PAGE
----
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OIG Approves Value-Based Warranty Program, Signals Potential Trend

On Sept. 10, 2018, the Department of Health and Human Services (HHS) Office of Inspector General (OIG) issued Advisory Opinion No. 18-10 (Opinion), in which the OIG concluded that an outcomes-based warranty arrangement would not result in prohibited remuneration under the federal Anti-Kickback Statute (AKS). In light of Advisory Opinion No. 17-03, issued Aug. 18, 2017, and discussed in more detail below, the Opinion indicates a possible trend in the OIG declining to act as a barrier to value-based arrangements, so long as appropriate safeguards are in place.

The Opinion was requested by a manufacturer seeking to offer its hospital customers a warranty arrangement covering a suite of three products (Product Suite) – a total knee or total hip implant, a wound therapy system, and an antimicrobial dressing – which, when used together, purportedly reduce the incidence of readmission following inpatient joint replacement procedures. In order for a hospital to qualify for a refund under the proposed warranty arrangement, the following conditions must be satisfied: (i) the full Product Suite must be used as part of an inpatient joint replacement surgery; (ii) within 90 days of the initial procedure, the patient who received the Product Suite must be readmitted to the same hospital where the joint replacement was performed for a surgical site infection or a second surgery, known as a revision; and (iii) each portion of the Product Suite must have been used in accordance with its instructions for use and other labeling, and the hospital must certify that the patient’s readmission resulted from a failure of one or more of the products in the Product Suite. The manufacturer certified that the individual elements of the Product Suite are not separately reimbursable under the Medicare Inpatient Prospective Payment System. Instead, all three products are reimbursed through a bundled payment as part of severity diagnosis-related groups in connection with an inpatient stay.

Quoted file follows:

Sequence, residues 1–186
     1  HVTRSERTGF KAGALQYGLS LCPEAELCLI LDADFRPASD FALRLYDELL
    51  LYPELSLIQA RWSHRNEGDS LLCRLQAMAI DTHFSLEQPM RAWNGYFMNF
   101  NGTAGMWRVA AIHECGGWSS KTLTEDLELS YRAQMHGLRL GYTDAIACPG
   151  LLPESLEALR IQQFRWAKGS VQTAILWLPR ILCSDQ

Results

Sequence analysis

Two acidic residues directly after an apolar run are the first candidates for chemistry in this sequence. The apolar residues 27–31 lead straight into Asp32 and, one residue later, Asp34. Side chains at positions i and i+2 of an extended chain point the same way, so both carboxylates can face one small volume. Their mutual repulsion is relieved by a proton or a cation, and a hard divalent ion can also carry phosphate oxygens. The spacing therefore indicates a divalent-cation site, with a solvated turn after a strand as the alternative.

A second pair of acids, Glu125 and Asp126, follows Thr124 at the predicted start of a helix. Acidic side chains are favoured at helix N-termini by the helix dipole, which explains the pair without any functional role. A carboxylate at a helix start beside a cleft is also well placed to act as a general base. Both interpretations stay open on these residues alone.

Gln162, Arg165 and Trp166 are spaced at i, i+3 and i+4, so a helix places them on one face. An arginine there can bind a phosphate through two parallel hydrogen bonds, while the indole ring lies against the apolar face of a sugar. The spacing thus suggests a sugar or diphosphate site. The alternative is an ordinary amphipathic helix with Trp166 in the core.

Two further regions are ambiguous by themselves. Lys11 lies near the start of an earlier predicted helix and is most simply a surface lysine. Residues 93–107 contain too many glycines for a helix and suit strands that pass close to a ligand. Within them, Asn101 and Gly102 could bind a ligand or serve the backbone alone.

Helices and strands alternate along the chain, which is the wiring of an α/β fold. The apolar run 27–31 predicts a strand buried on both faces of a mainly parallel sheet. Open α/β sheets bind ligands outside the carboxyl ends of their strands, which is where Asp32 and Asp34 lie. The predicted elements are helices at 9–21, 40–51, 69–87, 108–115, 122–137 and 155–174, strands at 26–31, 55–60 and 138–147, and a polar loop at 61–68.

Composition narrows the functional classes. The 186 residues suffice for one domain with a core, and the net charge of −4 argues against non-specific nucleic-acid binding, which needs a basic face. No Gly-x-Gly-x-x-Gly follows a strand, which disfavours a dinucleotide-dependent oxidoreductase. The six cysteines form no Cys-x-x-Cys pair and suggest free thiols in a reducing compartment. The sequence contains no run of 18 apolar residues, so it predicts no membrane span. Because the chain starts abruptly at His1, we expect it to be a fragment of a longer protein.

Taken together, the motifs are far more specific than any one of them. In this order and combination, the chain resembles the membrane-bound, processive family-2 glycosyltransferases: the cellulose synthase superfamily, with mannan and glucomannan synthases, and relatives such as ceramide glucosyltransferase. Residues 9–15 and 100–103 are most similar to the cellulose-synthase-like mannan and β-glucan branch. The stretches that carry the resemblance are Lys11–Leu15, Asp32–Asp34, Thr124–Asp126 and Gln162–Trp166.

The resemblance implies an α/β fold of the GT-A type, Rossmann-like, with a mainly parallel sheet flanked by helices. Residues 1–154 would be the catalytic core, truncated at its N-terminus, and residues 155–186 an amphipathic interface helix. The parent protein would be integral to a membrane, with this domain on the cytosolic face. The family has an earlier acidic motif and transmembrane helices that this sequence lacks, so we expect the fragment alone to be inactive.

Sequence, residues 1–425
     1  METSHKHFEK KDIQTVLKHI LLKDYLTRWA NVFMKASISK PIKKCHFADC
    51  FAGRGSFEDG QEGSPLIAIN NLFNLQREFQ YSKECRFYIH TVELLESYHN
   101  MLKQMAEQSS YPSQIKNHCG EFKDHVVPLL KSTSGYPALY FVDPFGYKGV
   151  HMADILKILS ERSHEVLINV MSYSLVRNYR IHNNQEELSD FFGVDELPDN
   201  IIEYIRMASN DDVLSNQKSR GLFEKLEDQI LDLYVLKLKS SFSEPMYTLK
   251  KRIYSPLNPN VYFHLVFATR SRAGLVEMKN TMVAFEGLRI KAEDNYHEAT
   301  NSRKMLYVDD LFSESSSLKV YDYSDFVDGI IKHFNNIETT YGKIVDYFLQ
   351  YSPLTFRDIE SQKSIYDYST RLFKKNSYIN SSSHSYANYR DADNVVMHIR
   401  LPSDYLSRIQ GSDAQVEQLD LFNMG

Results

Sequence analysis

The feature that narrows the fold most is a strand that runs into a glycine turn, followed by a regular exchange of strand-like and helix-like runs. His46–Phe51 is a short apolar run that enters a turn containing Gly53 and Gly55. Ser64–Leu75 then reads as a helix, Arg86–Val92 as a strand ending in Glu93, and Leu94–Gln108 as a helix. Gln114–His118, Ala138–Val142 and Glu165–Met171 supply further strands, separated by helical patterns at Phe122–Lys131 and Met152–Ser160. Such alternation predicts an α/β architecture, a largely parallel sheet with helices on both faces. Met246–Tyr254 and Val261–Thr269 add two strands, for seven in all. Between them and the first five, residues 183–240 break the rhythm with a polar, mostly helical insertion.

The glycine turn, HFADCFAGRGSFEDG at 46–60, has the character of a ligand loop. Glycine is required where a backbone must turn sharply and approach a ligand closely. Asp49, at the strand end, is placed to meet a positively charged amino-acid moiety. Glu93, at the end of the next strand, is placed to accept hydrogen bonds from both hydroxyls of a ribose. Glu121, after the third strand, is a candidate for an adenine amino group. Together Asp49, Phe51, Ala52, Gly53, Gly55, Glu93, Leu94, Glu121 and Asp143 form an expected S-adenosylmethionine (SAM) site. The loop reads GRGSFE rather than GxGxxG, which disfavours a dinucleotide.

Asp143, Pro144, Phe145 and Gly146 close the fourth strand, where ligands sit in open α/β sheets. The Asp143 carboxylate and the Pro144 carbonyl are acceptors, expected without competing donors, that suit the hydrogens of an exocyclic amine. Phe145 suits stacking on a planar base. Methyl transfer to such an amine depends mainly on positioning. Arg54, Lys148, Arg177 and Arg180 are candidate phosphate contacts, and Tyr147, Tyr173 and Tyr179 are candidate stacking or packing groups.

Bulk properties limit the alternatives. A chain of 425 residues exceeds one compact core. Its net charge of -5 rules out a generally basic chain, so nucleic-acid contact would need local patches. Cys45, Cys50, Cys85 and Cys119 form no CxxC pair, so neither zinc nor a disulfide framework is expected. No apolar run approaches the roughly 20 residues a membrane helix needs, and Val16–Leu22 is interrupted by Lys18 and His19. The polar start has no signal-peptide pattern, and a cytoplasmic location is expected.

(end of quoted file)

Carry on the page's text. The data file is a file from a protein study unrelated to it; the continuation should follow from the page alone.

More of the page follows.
As a threshold matter, the OIG considered whether the proposed arrangement, which involves a bundle of three products, qualified for protection under the warranties safe harbor at 42 C.F.R. § 1001.952(g). According to the OIG, the regulatory text makes clear that the safe harbor protects only single-product arrangements. Furthermore, the OIG distinguished the warranties safe harbor from the discount safe harbor at 42 C.F.R. § 1001.952(h), which permits bundled discounts as long as the bundled goods or services are reimbursed using the same methodology and other requirements are met. In contrast, neither the regulatory text nor the preamble to the warranties safe harbor addresses the permissibility of bundled warranties or any associated safeguards. Accordingly, the OIG determined that the proposed arrangement did not qualify for protection under the warranties safe harbor.

Arrangements that do not fit in a safe harbor must be analyzed on a case-by-case basis, based on the totality of the facts and circumstances. For the following reasons, the OIG concluded that the proposed arrangement posed a sufficiently low risk of fraud and abuse under the AKS:

  1. The individual elements of the Product Suite are not separately reimbursable under Medicare, meaning that a hospital making use of the warranty could not bill Medicare separately for any one of the three products, thereby reducing the risk of improper of overutilization of the Product Suite.